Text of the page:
Harrison will provide an outside edge rusher, the likes of which this team hasn’t had at linebacker in a long, long time.  Maybe it’s for only a handful of games.  Maybe it’s only for this season.  Harrison does have a history of injuries.  But if they have any questions about his skills, all they have to do is fish out their own game tapes.  He’s all over those, wreaking havoc on Bengals offensive linemen.

I’m not one to tell a team owner how to spend his money (OK, that’s a lie.  But it fits the prose and it’s not a bad way to begin bringing this home).  But if Mike Brown really likes to live in Filene’s Basement (for all of your non-Bostonians out there, it’s a deep discount department store) now is the time to pay the rent.

Signs this guy…NOW.   What’s a few million when you’re $58 million under the cap?

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So along about, what? 5:00 yesterday afternoon, you were ranting over how dumb it was for the Reds to  either a: trade for Shin Soo Choo or at least b:  put him in centerfield.  As if Drew Stubbs was some cherished jewel that was traded for a box of pliers.  Choo had a couple of adventures in centerfield that suggested it was his first day in long pants.  A Stubbs, he is now.  And as Marvin Lewis would say, that’s a good thing.

Choo is on this team for one reason and one reason only:  he can get on base.  Stubbs is not on this team for several reasons.  But the biggest reason Stubbs is not on this team is he can not get on base.   Defensively, Stubbs probably saves 9-12 wins per season.  But offensively, he probably costs is team twice that number through his inability to get on base, or drive in runs or do anything with a bat that furthers a team’s cause.

Choo certainly won’t cost the Reds 18-24 wins a season because he’s not the defender Stubbs is.  In truth, he’s better than adequate as a centerfielder.    But his ability to get on base (at a .400  clip last season vs right handed pitching) is a complete game changer.  Joey Votto had 18 home runs before he hurt his knee in late June.  He also had just 47 RBI.  The disparity in that production should tell you how few runners were on base when Votto knocked the ball over the fence.  And with a runner on base when Votto is batting, other things happen that would benefit Votto.  The pitcher will have to pitch out of the stretch.  He’ll be distracted somewhat by the runner.  And because of all that, Votto (and Phillips and Bruce and Frazier after him) will have a significant advantage over the pitcher.  That’s what Choo offers, and what Stubbs could not.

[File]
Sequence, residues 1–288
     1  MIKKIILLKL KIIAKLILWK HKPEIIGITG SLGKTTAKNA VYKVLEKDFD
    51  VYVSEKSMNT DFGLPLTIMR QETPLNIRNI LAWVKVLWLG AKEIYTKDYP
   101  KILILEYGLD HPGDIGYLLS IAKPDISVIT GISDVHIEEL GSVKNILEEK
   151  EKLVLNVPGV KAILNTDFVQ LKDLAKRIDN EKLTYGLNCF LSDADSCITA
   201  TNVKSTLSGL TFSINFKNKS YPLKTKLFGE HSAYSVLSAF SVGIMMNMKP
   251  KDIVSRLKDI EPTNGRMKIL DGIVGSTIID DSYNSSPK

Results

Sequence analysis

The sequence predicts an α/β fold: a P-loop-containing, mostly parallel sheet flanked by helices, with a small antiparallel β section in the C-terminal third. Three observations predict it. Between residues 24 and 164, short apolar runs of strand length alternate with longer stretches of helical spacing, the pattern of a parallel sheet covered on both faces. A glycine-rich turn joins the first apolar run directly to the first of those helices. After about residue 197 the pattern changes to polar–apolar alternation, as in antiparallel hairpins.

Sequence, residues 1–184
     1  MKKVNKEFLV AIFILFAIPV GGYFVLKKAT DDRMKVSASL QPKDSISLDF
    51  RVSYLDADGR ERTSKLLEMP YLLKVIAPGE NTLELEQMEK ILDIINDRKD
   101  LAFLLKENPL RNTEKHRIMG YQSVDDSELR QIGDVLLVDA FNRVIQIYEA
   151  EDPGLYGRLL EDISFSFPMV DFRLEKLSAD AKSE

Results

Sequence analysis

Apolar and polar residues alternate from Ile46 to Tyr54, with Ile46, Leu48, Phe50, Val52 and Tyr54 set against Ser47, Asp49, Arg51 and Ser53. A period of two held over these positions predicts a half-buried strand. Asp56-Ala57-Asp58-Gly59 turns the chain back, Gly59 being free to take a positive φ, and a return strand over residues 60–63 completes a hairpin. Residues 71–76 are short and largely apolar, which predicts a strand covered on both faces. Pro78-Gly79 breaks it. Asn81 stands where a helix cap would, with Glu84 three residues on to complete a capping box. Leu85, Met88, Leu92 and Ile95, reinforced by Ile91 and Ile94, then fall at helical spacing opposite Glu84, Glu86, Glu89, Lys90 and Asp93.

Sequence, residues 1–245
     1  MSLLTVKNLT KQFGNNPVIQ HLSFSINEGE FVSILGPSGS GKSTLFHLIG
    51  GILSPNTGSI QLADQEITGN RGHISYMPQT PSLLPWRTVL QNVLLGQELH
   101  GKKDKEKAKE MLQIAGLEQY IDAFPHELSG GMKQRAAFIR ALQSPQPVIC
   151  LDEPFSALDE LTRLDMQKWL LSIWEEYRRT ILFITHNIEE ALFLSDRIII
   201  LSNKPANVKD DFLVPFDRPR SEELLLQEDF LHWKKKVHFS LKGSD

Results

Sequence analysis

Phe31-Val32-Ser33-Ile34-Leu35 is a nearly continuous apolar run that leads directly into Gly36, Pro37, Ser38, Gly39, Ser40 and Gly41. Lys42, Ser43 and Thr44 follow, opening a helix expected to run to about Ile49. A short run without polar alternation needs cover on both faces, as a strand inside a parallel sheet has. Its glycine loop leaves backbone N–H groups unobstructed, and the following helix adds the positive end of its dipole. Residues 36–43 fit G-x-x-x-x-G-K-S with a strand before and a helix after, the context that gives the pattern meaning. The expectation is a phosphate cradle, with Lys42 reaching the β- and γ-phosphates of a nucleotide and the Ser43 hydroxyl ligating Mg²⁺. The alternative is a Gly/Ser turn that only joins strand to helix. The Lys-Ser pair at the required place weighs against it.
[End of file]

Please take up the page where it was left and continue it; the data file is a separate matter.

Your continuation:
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Random Thoughts For A Random Mondayt

I’m back….I know how concerned all my blog-a-files have been.  Thank you….

OK what do we know about this Reds team through six games?  Well, it can beat you a number of ways.  The starting pitchers, save for Mike Leake’s two HR pitches (why is it after a pitcher throws a couple of gopher balls we always hear after the game “I just made a couple of mistakes”?  Any chance the hitters just did a couple of things “right”?  Just askin’) have been as billed.   The bullpen has been strong, despite the overuse of JJ Hoover.

Another thing….why did they have to begin the season with Sean Marshall unable to pitch?  Really?  Guy has to sit out first four games because of ‘shoulder tenderness’?  Didn’t know about that one BEFORE breaking camp?  Just askin’ again.

And despite Joey Votto not really contributing much (except for the game winning hit on Wednesday night) the team has hit well.  And going 4-2 against two teams that seem like post season teams is very impressive.

So far, so good…..

And then, there was that circus act that Shin Soo Choo gave us in the first inning of today’s game in St. Louis….

Not trying to shortcut Chris Heisey or Xavier Paul, but I do think the Reds will have to go outside the organization, eventually, and find someone to play left field until Ryan Ludwick returns from shoulder surgery.   It’s too early for a trade (and the rest of MLB knows that the Reds are in the market for a left fielder).  But don’t be surprised if Walt Jocketty uses some of that excess bullpen (Arredondo and Ondrusek) to bring a left fielder to Cincinnati from a team out of contention later this summer.

And when Ludwick does comeback, will he return as the player he was before ripping up his shoulder?  Ludwick has a violent swing, which is where a lot of his power comes from.  No telling at this point if he’ll be 100% when he returns, which I’m told won’t be until at least August…..